Caught in a Spiral
Thinking about what to write this week, I couldn't help considering the recent death of Robin Williams. I thought about the issues raise around depression being a hidden problem in men, and about the questions raised about the press reporting of a suicide. Then I thought about the people who had been trying to support Robin during his life, and perhaps trying to him them safe. I wondered what their job, on the road to the end, was like, and how it compared to mine. Then I wrote this.
The first step on the road, I have noticed, seems to be fatalism. That is the notion that you are not in control of events, and that everything is bound to go wrong in any situation. This is very difficult to wrestle with for, in my experience, two reasons. It's worth noting that, as far as I know, there does not need to be any intrinsic problem to cause depression. That said, people I have known with serious depression often have life problems, such as health issues, money worries and so on. I suspect that plenty of people with depression find that they fall into these sorts of problems, for reasons we shall come to later. The point here is that it is considerably harder to persuade someone that everything (or indeed anything) is going to be fine when it quite clearly isn't. Jobs don't appear out of thin air, illness doesn't magically get better and money doesn't grow on trees. Problems also seem more insurmountable when you suffer depression. On the whole I find I am able to maintain a hope that things will improve even when an empirical argument is hard to construct. When even my mild depression gets on top of me, however, this attitude is harder to keep hold of. The second reason I mentioned is simply that, even if you can point to good reasons why things will get better, this simply doesn't hold water against depression.
Well this leads us on to the second phase and, for me, the toughest real challenge. What's the point? When you're fairly well entrenched in the state of mind I've scribbled about already, it seems quite reasonable to ask yourself why you should bother. Why go to the job interview when you'll only get rejected? Why take the exam when you'll only fail? Why bother getting out of bed? Your task as a carer here is somehow to keep the person moving. The theoretical insight that I picked up somewhere and am still trying to make work in practise is: don't challenge the fatalism. Don't say'I'm sure it'll be fine' or 'oh, we'll buy you a false leg'. I gather this can seem as if you aren't listening, and in any event it won't work. The advice, seemingly, is to engage them about the perception, ask them why, try to talk about it. Well, that's the theory, in reality I use a combination of encouraging, cajoling, bribing and blackmailing to get R moving. I don't honestly know how you respond to someone who is seriously considering taking their own life. Do they talk about it and threaten to do it? Or is that just what people who don't really mean it do? Whatever the case, it must make it even harder for them not to end up in the final stage.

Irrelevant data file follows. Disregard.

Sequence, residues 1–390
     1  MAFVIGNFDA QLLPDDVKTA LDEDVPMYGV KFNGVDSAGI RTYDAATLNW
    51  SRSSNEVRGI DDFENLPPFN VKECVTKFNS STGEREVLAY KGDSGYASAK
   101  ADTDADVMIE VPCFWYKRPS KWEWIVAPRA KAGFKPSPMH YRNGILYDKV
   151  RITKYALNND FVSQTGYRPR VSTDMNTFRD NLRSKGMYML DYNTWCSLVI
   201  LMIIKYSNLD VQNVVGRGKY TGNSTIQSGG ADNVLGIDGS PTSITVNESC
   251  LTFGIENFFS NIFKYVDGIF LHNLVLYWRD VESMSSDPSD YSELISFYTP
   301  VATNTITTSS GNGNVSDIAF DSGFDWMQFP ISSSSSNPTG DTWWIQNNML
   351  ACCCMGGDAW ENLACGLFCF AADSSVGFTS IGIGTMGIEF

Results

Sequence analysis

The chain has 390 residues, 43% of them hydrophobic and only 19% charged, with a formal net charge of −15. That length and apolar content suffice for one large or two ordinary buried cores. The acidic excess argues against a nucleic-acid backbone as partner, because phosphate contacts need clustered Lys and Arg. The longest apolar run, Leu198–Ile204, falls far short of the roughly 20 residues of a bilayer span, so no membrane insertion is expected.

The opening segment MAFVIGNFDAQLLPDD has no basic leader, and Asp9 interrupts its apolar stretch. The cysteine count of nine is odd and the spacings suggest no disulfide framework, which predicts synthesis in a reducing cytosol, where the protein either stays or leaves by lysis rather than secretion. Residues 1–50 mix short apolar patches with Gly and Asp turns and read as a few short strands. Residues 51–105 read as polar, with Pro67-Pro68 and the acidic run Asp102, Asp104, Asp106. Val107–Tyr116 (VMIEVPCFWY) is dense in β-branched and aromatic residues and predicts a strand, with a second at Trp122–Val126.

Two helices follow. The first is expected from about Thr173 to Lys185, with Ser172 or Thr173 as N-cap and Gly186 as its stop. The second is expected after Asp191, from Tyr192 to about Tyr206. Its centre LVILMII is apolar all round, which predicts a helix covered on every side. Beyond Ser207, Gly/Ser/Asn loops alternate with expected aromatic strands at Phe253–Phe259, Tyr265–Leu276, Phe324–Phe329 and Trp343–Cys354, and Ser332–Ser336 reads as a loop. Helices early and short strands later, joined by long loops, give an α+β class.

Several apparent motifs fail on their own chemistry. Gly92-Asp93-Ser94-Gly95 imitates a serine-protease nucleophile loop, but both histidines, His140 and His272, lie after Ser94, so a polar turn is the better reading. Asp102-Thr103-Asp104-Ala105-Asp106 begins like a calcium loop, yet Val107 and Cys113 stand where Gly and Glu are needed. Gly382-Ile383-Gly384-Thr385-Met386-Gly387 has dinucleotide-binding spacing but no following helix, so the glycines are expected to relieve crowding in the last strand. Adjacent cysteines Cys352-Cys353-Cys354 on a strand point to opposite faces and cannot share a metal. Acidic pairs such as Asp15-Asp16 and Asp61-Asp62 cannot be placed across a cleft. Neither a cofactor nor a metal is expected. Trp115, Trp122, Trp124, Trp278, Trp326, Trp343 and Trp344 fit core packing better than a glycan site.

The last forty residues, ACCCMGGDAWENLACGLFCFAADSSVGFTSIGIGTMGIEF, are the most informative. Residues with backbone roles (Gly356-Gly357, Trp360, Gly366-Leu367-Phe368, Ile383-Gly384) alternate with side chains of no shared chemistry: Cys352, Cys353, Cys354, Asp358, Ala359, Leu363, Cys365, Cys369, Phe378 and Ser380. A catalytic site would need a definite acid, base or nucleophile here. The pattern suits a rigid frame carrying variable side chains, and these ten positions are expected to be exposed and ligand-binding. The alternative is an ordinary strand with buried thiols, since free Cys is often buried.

At some point you start to frazzle. However much of a sparkly sunbeam you are normally, the constant demands of propping up someone so bereft of emotional energy can drain your resources. When you're tired and you've had a bad day and you've run out of things to say, the point comes when you snap and say something you'll regret. The resultant turmoil would probably not been hugely problematic with a less fragile person. But with a person suffering depression you are just feeding the beast. I can imagine it would not be beyond the bounds of possibility to find yourself shouting 'well, why don't you just kill yourself then, if that's what you want?' That is something that could all too easily haunt you forever.
All of which is pretty bleak, really. For that I'm afraid I make no apologies. Depression is a nasty and debilitating disease and, sometimes, a killer. That is very bad, that is how bad it is. So take it seriously, if you are a carer. Apart from anything else, you may well start to suffer from it yourself. But whether you do or not, if you are caring for someone who does, treat it as you would a serious physical illness. Get advice, get support, get help. And make sure you get time for yourself, because this is going to be tough.